In addition to the Latin used in the choral singing at key points during the play, Latin is also occasionally used in the dialogue by certain characters. When the physician is first brought to see Sigismund, Anton assures him that ‘‘He [Sigismund] knows Latin and runs through a stout book as if it were a flitch o’bacon.’’ This statement immediately establishes the fact that, though Sigismund appears to be little more than an animal in his behavior, he has been taught to read the Bible in Latin and is therefore a staunchly religious person. The only other character in the play who speaks Latin is the physician. The physician is one of the few characters who remains faithful to Sigismund, convinced that he is a sort of religious martyr to the cause of the people. The physician’s association with Latin, and therefore with the Bible, confirms the righteousness of his religious conviction and his unfailing faith in Sigismund.

Bibliography and Further Reading

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Calderon de la Barca, Pedro, ‘‘Life Is a Dream,’’ in Six Plays, Las Americas Publishing Co., 1961, pp. 13–96.

Eliot, T. S., ‘‘A Note on The Tower,’’ in Hugo von Hofmannsthal: Selected Plays and Libretti, edited by Michael Hamburger, Pantheon Books, 1963, pp. lxxiii–lxxiv.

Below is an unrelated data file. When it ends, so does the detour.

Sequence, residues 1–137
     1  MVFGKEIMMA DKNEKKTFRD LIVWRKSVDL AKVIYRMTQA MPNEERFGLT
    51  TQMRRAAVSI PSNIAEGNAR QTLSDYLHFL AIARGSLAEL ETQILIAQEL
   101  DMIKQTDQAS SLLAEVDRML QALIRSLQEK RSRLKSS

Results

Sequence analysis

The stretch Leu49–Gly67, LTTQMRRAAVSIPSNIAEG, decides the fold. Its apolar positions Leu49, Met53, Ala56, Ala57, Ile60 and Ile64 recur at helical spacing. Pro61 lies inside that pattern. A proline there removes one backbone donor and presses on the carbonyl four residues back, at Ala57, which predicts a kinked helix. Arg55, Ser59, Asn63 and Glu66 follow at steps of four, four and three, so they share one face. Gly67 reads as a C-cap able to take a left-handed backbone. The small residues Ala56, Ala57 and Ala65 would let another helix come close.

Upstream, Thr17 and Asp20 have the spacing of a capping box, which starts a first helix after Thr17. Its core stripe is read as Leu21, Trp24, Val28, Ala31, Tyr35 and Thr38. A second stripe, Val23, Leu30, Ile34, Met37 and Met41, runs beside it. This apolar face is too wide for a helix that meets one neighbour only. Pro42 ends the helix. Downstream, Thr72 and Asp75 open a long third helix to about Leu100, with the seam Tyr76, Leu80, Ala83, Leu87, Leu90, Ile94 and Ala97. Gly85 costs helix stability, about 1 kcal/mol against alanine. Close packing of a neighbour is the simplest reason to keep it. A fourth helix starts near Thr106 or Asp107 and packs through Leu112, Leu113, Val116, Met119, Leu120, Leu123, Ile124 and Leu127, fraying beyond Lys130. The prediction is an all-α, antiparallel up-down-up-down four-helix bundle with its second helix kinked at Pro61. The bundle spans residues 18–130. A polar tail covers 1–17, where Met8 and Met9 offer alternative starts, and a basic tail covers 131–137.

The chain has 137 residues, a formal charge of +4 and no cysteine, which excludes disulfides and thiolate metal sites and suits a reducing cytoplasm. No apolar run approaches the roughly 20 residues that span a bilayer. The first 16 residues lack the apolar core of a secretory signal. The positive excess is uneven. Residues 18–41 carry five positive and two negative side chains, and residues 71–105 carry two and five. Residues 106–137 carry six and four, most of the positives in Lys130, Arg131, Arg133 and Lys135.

Hamburger, Michael, ‘‘Introduction,’’ in Hugo von Hofmannsthal: Selected Plays and Libretti, Pantheon Books, 1963, pp. ix–lxxii.

Hofmannsthal, Hugo von, ‘‘The Tower (1927),’’ in Three Plays, Wayne State University Press, 1966, pp. 141–241.

‘‘Hugo von Hofmannsthal,’’ in Contemporary Authors Online, The Gale Group, 1999.

Schwarz, Alfred, ‘‘Introduction,’’ in Hugo von Hofmannsthal: Three Plays, Wayne State University Press, 1966, pp. 13–42.

Further Reading
Bangerter, Lowell A., Hugo von Hofmannsthal, Ungar, 1977. Bangerter’s book is a biography of von Hofmannsthal, which discusses his important works in drama and poetry. It includes a chronology of his life.

Bottenberg, Joanna, Shared Creation: Words and Music in the Hofmannsthal-Strauss Operas, P. Lang, 1996. This work is a discussion of the collaborative operatic works of Hofmannsthal and Strauss.

Del Caro, Adrian, Hugo von Hofmannsthal: Poets and the Language of Life, Louisiana State University Press, 1993. This book is a discussion of von Hofmannsthal’s poetic works.

Gray, Ronald, The German Tradition in Literature, 1871– 1945, Cambridge University Press, 1965. Gray’s text is a literary history of German letters that covers the time period of von Hofmannsthal’s life span.